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Old 03-11-2007, 12:25 AM   #1
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Red face neurotic Pup here!

I have 2 dogs Bear 9eskie ) and Rocky (eskie-pom mix)..Rocky is nuts!
he barks and jumps and freaks out when he hears anything loud. He has even drained his anal glands when he got yelled at for tinkling on the carpeting. He is 3 yrs old and shouldn't be having accidents. Not sure if they are accidents because he does them in rooms we don't frequent. I think he is just to busy playing all day and not doing his business outside. Anyway! he is my neurotic dog, he is pretty funny! we always say "wheres your helmet, Rocky!"
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Old 04-27-2007, 05:19 PM   #2
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A shared pain and a shared joy

Jobi was an ordinary puppy, we kept him and his two sisters when their mother gave birth to her second litter. However, as he grew, he became more withdrawn and reclusive – he would even hide behind the sofa at home when he should have had nothing to fear, he was amongst his family of mother, brothers and sisters, a pack of 8 Cavaliers together with my wife and I. He was a loner and fearful of almost everything and would bark a great deal. His mother and other family members behaved rationally (well, you know what I mean), but he was apparently neurotic.

To take him out was an ordeal, he would bark at everything. So, I took up the challenge of helping him to overcome this problem. Every evening when few people and other dogs were about, I took him on a short walk around the streets. I ignored his reactions and just kept on walking. I did this for a year and eventually he gained confidence and we went on longer walks.

But still I sensed he was concerned (maybe frustrated ?). So, one day I took him onto the beach very early in the morning and let him loose.
His life was transformed from that moment – he was free in all that open space ! He ran and ran and ran around me in circles. He was re-born.

Now he loves life and is part of the pack.

When we are on the beach he never trots or walks, just runs. This is his great joy – he goes about 100 yards, then, almost as though there is an invisible barrier, turns and runs back to me. I never have to say a word. I love him deeply, felt his pain over such a long time, but now share his joy.

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Old 04-27-2007, 08:00 PM   #3
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Chris, that story made me want to jump for joy!! I can just picture it.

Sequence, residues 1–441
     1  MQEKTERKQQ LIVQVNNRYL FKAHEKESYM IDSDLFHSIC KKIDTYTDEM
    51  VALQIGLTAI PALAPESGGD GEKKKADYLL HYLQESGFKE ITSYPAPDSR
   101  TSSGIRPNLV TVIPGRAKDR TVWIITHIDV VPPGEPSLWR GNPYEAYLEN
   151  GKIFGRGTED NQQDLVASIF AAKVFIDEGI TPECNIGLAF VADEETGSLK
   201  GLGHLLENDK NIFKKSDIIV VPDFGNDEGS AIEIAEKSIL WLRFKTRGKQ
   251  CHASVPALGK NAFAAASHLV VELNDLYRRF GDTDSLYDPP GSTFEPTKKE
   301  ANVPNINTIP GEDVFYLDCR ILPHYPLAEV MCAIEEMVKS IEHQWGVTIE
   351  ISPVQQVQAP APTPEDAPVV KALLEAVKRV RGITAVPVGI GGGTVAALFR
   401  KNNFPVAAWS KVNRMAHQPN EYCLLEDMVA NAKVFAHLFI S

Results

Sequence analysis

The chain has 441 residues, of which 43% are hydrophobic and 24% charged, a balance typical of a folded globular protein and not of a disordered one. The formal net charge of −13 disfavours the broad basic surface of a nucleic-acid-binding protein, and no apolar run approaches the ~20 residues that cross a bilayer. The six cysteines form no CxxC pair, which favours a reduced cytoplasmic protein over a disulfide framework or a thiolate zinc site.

Way to go! You found his sense of well being and the love of his life - the beach!
Mrs. Canine Crazy~!
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Old 04-09-2008, 08:56 PM   #4
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Neurotic Lab

We have a 5 1/2 year old lab. About a year ago, he became fearful of his own shadow. He is also suddenly my (80 pound) lap dog. Whenever anyone in the house yells or even a small thing like a sigh, he runs away and climbs on whatever furniture he can, which he is not allowed on.
How can we retrain him not to be afraid? He loves his exercise and is focused on someone throwing the ball for him 24/7. PLEASE HELP we are going crazy.
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Old 05-04-2008, 04:59 AM   #5
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Ammens medicated powder or gold bond powder applied to area may help-next time advise groomer dog is sensitive and should not be shaved so close.
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Old 05-04-2008, 06:22 AM   #6

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I would have a behaviorist come over and try and figure out what is triggering the behavior. You must not reward (pay attention) to the fearful behavior or it will get stronger. It can be done but with patience. If it just started something is either wrong physically or emotionally. Hence it is good to see a professional so you don't make it worse. One way is to make a big deal over the fearful behavior. Good luck.
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